Local archers had an opportunity to match their skills against competitors from Idaho, Canada, and Western Washington last Saturday at the second annual Northwest Animals on the Mountain 3D Archery Tournament.
Archers walked a trail on the hill overlooking the home of Dean and Barbara Hanley on Quarry Browns Lake Road, stopping to shoot at three-dimensional targets set at various distances.
“There were 40 top quality 3D Rinehart targets, all set at what we call unmarked distances,” explained Lady Red, one of the organizers of the tournament. “The targets ranged in size from a three-foot fish to an eight-foot full-size elk, and there was also a dinosaur target.
The course was set up for all ages and skill levels of shooters. Stakes in the ground specified the place from which each classification of archers could shoot.
“We had 78 shooters on Saturday,” said Red. “They ranged in age from seven years old to those up into their 70s. We added a senior class this year at the suggestion of one of our visitors, and we had competitors this year in that classification. They walked the course in groups, stopping at each shooting stake to take a single shot at the target.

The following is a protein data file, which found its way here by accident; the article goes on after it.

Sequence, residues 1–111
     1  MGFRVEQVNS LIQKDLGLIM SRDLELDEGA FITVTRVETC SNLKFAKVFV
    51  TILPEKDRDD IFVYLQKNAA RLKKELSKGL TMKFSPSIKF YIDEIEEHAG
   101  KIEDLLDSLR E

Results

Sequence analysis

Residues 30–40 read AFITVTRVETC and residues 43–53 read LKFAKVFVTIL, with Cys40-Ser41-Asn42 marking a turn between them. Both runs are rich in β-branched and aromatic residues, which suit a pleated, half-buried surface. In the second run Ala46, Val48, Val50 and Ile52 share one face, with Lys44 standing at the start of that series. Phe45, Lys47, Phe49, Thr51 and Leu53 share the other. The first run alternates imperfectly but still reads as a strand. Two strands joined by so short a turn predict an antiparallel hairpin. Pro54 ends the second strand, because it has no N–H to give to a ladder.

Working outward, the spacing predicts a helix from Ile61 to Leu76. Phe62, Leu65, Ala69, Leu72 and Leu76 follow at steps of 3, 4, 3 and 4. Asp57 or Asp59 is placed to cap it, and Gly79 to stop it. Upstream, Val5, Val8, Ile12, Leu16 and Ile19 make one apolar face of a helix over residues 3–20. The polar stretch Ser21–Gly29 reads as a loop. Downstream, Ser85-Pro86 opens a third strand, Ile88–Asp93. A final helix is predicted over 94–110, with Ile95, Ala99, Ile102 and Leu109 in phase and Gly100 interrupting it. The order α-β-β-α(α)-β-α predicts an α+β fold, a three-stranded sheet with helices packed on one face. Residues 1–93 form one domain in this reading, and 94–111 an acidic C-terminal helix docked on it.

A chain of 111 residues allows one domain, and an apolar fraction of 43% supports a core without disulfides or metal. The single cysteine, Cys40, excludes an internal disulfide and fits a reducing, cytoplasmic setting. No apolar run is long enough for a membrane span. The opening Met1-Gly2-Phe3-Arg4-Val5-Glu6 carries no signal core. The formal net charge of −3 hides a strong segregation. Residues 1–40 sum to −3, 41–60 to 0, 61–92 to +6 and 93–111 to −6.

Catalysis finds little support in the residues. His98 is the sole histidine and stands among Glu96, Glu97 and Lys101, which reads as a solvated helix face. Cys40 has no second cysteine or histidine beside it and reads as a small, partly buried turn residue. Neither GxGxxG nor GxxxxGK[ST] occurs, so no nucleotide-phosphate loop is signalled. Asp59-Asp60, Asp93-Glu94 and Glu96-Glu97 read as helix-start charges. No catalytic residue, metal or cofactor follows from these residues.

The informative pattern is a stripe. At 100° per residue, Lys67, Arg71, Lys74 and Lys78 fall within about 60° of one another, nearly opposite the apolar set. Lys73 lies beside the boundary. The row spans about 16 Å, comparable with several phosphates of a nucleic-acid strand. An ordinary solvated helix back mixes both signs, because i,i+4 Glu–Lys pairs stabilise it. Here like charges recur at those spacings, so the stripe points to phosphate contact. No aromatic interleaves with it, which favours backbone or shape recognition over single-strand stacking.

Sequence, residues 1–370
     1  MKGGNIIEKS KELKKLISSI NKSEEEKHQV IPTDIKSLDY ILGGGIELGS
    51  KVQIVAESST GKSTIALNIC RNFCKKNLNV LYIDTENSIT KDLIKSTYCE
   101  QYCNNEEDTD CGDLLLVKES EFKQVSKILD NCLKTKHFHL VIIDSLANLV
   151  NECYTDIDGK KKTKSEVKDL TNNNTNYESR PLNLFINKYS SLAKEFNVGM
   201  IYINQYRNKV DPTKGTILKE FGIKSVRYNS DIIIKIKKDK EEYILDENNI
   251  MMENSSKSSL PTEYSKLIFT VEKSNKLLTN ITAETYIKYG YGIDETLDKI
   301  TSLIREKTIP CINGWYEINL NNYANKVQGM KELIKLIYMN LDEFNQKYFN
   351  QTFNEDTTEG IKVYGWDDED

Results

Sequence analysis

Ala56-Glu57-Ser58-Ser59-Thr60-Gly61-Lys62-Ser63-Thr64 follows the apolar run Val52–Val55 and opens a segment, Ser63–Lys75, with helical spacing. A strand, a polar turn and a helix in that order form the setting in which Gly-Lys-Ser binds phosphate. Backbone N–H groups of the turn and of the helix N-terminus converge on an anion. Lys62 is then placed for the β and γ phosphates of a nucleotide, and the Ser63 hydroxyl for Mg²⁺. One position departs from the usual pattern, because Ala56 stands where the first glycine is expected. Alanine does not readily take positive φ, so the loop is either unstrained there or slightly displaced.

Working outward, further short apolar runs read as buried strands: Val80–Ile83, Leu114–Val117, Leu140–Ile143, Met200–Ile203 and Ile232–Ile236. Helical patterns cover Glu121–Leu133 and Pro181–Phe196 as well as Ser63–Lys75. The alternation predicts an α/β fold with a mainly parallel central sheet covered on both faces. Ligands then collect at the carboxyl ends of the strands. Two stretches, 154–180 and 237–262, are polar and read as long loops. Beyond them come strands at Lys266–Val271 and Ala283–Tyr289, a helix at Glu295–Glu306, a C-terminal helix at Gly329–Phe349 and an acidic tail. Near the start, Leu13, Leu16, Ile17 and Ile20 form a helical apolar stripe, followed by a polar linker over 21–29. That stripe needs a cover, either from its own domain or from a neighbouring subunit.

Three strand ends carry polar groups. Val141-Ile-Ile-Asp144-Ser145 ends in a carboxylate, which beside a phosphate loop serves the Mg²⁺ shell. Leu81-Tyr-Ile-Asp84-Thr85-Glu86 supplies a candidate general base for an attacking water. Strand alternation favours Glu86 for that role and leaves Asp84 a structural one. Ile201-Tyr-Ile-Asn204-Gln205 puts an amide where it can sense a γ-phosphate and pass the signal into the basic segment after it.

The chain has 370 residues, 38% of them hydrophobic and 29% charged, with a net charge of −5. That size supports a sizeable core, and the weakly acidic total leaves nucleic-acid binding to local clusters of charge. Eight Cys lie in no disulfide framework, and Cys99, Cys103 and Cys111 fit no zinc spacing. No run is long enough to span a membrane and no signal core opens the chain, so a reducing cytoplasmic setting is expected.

“The stakes for each target were at different distances, depending on the different divisions of the shooters. The only exception was the Pee Wee Class, which could shoot from anywhere they wanted.”
Bow hunter freestyle was the most popular division again at this year’s tournament.
“There must have been about 50 shooters in the bow hunter freestyle category,” said local bow hunter Gib Earl. “The targets were set at up to 65 yards away.
“There was also an open class for shooters with more gadgets and gizmos on their bows, like movable sights and scopes.”
And, of course, there was a division for traditional archers who shoot longbows or recurve bows.
“It took most shooters a half-day to walk the course,” said Red. “The course was challenging for experienced shooters, but it was set up so that even beginning shooters could enjoy it. The course was not set up just for professional shooters, but for every level of experience, including families. We probably had 25 local shooters. The rest were from out of town.”
Lunch was provided by the local 4H Club as a fundraiser to promote its programs and activities.
“This is one way we try to give back to the community,” said Red. “Last year, the lunch was served by the youth trap club.”
Trophies were awarded up to fifth place in each division for Saturday’s shoot.
“We will have two more tournaments this summer, one on July 14 and the other on August 18,” said Red. “Both will be at the same location on the Hanley farm along Quarry Browns Lake Road.
By Geno Ludwig, The Independent Staff